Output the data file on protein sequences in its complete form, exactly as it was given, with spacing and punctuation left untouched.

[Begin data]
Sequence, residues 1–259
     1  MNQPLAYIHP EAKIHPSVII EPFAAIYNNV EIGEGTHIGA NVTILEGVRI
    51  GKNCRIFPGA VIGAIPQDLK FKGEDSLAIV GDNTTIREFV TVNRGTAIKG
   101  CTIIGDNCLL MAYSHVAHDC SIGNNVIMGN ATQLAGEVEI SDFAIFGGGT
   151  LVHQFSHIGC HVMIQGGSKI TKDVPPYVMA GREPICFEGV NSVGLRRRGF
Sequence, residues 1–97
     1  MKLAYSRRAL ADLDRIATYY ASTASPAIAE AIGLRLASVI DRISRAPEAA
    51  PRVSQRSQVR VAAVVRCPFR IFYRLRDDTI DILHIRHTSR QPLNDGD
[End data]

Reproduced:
Sequence, residues 1–259
     1  MNQPLAYIHP EAKIHPSVII EPFAAIYNNV EIGEGTHIGA NVTILEGVRI
    51  GKNCRIFPGA VIGAIPQDLK FKGEDSLAIV GDNTTIREFV TVNRGTAIKG
   101  CTIIGDNCLL MAYSHVAHDC SIGNNVIMGN ATQLAGEVEI SDFAIFGGGT
   151  LVHQFSHIGC HVMIQGGSKI TKDVPPYVMA GREPICFEGV NSVGLRRRGF
Sequence, residues 1–97
     1  MKLAYSRRAL ADLDRIATYY ASTASPAIAE AIGLRLASVI DRISRAPEAA
    51  PRVSQRSQVR VAAVVRCPFR IFYRLRDDTI DILHIRHTSR QPLNDGD